• Burnham’s book helps children understand and respect the interconnection between humans and all life. She introduces children to “cultural learning, language, animal facts, geography, and laws  intended to protect wild animals from black market trade or from being abused to serve human interests.” Like Tony, children worldwide will be inspired to do their part to make a difference in their communities.

Tony feeds Baby Pumpuii a bottle of milk.   Photo Courtesy of Cathleen Burnham

Favorite Lines: “These will be your elephants, Tony,” said his father. “Forever?” asked Tony. “Until the day you die, Tony, just like any mahout,” said his father.

It was the beginning of a lifelong bond. Tony, Nam Cho, and Baby Pumpuii would love and protect one another for the rest of their lives.

Resources:  Make sure you read the Author’s Note at the end of Tony and His Elephants. To learn more about the amazing things children are doing to protect wildlife around the globe, visit the World Association of Kids and Animals (WAKA) and get involved. Check out The Elephant Sanctuary in Tennessee, to learn about the retired circus elephants living in this safe 2,700-acre refuge in companionship with other elephants. For more ideas about how you can make a difference in your community, visit the Earth Day website.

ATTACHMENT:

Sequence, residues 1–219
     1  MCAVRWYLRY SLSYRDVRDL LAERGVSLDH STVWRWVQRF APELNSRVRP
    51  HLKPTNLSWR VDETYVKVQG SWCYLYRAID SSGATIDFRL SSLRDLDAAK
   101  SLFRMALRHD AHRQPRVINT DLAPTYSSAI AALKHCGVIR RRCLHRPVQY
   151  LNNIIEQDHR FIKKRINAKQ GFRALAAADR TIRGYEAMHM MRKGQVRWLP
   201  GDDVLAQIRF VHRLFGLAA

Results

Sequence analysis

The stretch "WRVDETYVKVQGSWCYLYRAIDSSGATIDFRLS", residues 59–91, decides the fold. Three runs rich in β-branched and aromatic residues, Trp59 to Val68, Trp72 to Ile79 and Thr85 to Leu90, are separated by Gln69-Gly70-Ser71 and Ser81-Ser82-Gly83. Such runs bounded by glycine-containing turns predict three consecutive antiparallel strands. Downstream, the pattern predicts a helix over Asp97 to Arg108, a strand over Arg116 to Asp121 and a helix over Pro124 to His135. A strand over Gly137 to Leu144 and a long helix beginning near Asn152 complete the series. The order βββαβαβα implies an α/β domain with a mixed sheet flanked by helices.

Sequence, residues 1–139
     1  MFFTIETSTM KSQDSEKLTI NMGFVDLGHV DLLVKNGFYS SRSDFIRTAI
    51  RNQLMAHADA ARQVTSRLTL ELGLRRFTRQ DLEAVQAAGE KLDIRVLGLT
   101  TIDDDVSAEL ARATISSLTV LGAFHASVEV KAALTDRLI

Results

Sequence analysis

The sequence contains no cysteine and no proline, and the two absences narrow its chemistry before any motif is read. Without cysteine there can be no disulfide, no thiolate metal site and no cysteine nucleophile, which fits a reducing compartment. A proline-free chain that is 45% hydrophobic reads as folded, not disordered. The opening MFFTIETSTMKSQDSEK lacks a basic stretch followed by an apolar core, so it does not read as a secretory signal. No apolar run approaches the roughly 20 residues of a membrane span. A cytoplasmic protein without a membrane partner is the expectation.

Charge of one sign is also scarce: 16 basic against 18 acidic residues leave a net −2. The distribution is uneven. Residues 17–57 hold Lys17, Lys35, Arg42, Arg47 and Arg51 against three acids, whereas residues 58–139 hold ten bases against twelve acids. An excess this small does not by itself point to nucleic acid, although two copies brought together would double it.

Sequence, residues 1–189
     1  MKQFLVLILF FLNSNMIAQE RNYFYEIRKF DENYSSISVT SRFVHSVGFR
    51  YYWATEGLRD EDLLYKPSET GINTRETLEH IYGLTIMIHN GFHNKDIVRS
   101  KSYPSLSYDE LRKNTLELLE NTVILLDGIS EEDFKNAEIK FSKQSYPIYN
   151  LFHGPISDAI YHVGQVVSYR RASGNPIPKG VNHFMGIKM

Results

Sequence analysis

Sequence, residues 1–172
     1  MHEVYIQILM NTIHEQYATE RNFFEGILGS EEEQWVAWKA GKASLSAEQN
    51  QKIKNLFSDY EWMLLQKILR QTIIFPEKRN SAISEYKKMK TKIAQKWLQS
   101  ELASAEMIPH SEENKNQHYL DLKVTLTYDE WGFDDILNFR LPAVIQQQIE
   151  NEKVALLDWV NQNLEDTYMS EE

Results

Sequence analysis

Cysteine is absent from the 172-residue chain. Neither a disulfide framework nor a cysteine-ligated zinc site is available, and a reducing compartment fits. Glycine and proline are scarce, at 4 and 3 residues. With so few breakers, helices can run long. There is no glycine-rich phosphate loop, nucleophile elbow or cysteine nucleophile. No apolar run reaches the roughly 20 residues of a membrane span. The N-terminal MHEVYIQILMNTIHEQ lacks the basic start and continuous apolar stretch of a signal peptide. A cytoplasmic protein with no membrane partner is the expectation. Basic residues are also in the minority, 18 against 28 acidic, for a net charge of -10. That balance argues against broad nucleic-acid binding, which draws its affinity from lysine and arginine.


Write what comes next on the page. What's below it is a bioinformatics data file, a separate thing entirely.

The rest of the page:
*View Joanna Marple’s inspiring review of Tony and His Elephants on her  website.

Cathleen Burnham is a journalist, writer and wildlife photographer. In addition to Tony and His Elephants, Burnham is the author of Doyli to the Rescue, and the Tortuga Squad. They are the first three books in a series of six books that profile wildlife preservation efforts being undertaken by kids around the globe.

Every Friday, authors and KidLit bloggers share a favorite picture book. To see a complete listing of all the Perfect Picture Books with resources, please visit author Susanna Leonard Hill’s Perfect Picture Books.

**I was provided with a copy of Tony and His Elephants in exchange for a fair and honest review.